Crazy is not hereditary or anything like that.
By Shani Boianjiu
Brought to you by the Guernica/PEN Flash Series
At quarter past five, Amal’s mother took the chocolate cake out of the oven. She carefully smeared the icing on the cake, and then added rainbow sprinkles. She tried to write ‘Happy Tenth Birthday’ with whipped-cream, but her hands trembled with excitement so instead she just drew gentle white flowers.
The flowers were like the crown of white roses Amal always imagined her mother must have worn on her wedding day. But Amal’s mother said Amal didn’t have a father, Amal came to her with a white dove. Even at ten Amal knew this was crazy.
Amal’s mother invited every kid in town, even Yam, the girl who refused to sit next to Amal in math class and told the teacher it was because she was scared to catch “crazy germs.”
“Nobody’s coming, Mom. They all think you have gone crazy,” Amal said when her mother took out the expensive vodka so that the parents could enjoy themselves too.
“Crazy, what a strong word! I have seen crazy back in my day, back in the war—how they put land-mines in the fields where little girls played and sang, girls with their colorful dresses flying like rainbow doves from the explosions.”
At thirty minutes past five, Amal watched her mother get ready for the party. She suddenly didn’t mind that her mother’s lipstick was too red for her age. All Amal thought of was that in the whole world, no one had a mother as beautiful as hers.
“Crazy—let me tell you, you can’t catch crazy, it’s like lady-bugs crawling in the blood. But we need to ignore people like that. You’ll see even Yam is going to not only come, but also tell her mother she had the time of her life at Amal’s birthday party.”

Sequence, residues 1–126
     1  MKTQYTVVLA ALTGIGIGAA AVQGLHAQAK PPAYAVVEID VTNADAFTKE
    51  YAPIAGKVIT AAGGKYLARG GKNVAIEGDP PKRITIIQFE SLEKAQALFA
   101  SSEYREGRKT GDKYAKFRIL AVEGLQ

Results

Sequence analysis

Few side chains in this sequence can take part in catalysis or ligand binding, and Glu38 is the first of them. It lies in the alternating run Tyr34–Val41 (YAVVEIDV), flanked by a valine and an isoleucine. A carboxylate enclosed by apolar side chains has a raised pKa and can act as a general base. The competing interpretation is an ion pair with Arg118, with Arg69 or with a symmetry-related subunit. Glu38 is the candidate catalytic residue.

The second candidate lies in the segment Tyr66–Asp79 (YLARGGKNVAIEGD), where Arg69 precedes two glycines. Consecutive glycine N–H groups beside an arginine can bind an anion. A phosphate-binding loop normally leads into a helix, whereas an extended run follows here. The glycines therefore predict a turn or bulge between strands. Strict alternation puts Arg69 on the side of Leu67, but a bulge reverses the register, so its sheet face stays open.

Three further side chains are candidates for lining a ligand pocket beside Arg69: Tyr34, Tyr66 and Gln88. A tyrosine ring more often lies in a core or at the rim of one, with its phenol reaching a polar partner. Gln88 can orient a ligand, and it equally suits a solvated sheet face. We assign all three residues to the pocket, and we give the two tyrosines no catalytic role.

But Yam never came. At six in the evening not even one guest arrived, and Amal’s mother began throwing pizza slices off the balcony. She threw the cake out the window and it landed on Yam’s mother Subaru, while she was driving to get chicken for dinner. The cake splashed like a chocolaty bomb, and Yam’s mother called the police and said she wouldn’t live in the same neighborhood with a woman who acts like a terrorist.
Amal didn’t see when they took her mother away. She closed herself in her mother’s bedroom and smelled the lilac on her mother’s pillow until the sounds of the ambulance and her mother’s helpless screams faded away. Amal didn’t even mind nobody coming to her tenth birthday party; it was only her mother she wanted to be with.
At seven, right before an aunt came to take Amal away, a white dove flew into the kitchen, where Amal was busy cleaning the rainbow sprinkles off the Persian rug.
“Say, dove,” asked Amal wearily, “It’s just crazy talk to say little girls come to their mothers from doves, right?”
“No, no,” the dove shrieked, flapping its shiny wings frantically before settling on the counter. “Most little girls do actually come from doves, but it is not usually something parents let their children know before they are in their teens.”
“All this time I thought my mom didn’t know what she was talking about,” Amal said, and tears began rolling on her freckled cheeks that were still stained with the chocolate her mother let her lick off the mixing spoon she used for baking.
“I guess my mom was also right when she said crazy was like lady-bugs crawling in the blood.”
“No, no, the dove / baby-girl theory was the only thing your mom got right,” the white dove explained to the crying girl with its all-knowing shrieks. “Crazy is not hereditary or anything like that. Your mom is just saying those odd things because she has gone coco’nutty after the war.”
Shani Boianjiu was born in 1987 and grew up in the Galilee. She served in the Israeli Defense Forces for two years. She graduated from Harvard in 2011. Her debut novel has been published or will soon be published in 23 countries. It has been longlisted for the UK’s Women’s Prize for Fiction and selected as one of the ten best fiction titles of 2012 by the Wall Street Journal. She is the youngest recipient ever of the National Book Foundation’s 5 under 35 award. Her writing has appeared in the New York Times, The New Yorker, Zoetrope, Vice, the Wall Street Journal, The Globe and Mail, Dazed and Confused and the Guardian.